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We all have a bevy of lip glosses floating around in our handbags, makeup totes and bathroom drawers. And it's no wonder, since one quick slick is all it takes for lips to go from ho-hum to a hot pout.

But have you ever wondered what makes lip gloss so shiny?

"The key to getting high shine is using materials with a high refractive index -- a technical measure of how light interacts with the material versus in air. Light is reflected from the surface as it reaches the material. The higher the refractive, index, the shinier the material," says Dr. Sarah Vickery, principal scientist with CoverGirl.

Yet making a high-shine lip gloss that's also comfortable to wear can be tricky.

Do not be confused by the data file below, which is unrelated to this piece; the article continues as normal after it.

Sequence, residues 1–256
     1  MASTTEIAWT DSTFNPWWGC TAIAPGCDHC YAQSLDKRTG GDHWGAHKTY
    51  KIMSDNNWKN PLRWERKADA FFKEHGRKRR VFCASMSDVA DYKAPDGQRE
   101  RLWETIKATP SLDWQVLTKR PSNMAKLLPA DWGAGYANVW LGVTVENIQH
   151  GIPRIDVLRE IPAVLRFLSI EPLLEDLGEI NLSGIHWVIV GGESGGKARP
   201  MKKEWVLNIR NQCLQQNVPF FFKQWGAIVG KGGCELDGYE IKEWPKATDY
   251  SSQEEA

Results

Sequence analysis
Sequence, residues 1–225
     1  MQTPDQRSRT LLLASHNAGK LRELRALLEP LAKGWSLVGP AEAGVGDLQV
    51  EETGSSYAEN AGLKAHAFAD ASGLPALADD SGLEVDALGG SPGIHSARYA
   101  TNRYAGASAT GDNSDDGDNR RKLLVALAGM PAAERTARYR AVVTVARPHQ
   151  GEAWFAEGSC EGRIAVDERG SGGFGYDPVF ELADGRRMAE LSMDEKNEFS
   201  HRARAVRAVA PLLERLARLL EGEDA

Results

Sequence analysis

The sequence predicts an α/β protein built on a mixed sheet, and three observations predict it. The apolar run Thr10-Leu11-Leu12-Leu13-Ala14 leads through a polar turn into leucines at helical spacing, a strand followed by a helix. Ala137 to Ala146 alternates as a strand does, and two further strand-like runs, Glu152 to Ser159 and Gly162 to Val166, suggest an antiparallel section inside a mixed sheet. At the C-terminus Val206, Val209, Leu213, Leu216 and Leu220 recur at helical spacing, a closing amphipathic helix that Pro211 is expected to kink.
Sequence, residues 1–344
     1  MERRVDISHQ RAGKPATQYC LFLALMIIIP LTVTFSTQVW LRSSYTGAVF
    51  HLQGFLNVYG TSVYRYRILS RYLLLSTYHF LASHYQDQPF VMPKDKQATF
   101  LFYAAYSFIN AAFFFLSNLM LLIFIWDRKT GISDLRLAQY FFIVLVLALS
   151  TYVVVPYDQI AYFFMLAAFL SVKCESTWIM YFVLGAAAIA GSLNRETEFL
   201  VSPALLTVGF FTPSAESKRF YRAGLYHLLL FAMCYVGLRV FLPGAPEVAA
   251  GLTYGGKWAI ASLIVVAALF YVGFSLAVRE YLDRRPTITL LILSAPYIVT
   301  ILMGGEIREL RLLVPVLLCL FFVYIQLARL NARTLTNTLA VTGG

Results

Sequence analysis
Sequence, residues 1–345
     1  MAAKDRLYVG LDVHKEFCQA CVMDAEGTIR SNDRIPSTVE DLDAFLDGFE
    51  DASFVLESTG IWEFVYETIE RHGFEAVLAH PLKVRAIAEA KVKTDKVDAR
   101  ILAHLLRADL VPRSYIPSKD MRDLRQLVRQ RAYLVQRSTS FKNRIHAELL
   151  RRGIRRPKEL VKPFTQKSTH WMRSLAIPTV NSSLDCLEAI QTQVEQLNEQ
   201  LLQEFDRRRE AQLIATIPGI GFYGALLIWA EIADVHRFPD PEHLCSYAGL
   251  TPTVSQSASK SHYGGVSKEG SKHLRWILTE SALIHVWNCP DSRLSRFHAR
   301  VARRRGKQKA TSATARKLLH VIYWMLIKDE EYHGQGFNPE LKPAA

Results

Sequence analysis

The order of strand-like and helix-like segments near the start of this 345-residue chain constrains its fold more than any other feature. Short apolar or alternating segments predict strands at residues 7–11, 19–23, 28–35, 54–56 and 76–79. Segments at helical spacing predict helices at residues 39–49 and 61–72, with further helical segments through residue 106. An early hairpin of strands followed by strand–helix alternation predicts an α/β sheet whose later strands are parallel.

"Materials with a refractive index greater than 1.4 are considered noticeably shiny by consumers. The major shine component in most lip glosses is polybutene. It's a polymer with a refractive index over 1.4, so it's extremely shiny, but it's also very sticky and tacky. This is why so many really shiny lip glosses have the unfortunate reputation of getting your hair stuck in them. The key to getting high shine without stickiness is to balance the polybutene with lightweight emollients," says Dr. Vickery.

Dr. Vickery's own strategic balancing of ingredients can be found in CoverGirl's ShineBlast Lipgloss, which cleverly toes the line between shine and comfort.

Who knew you could get a Ph.D in lip gloss mixology?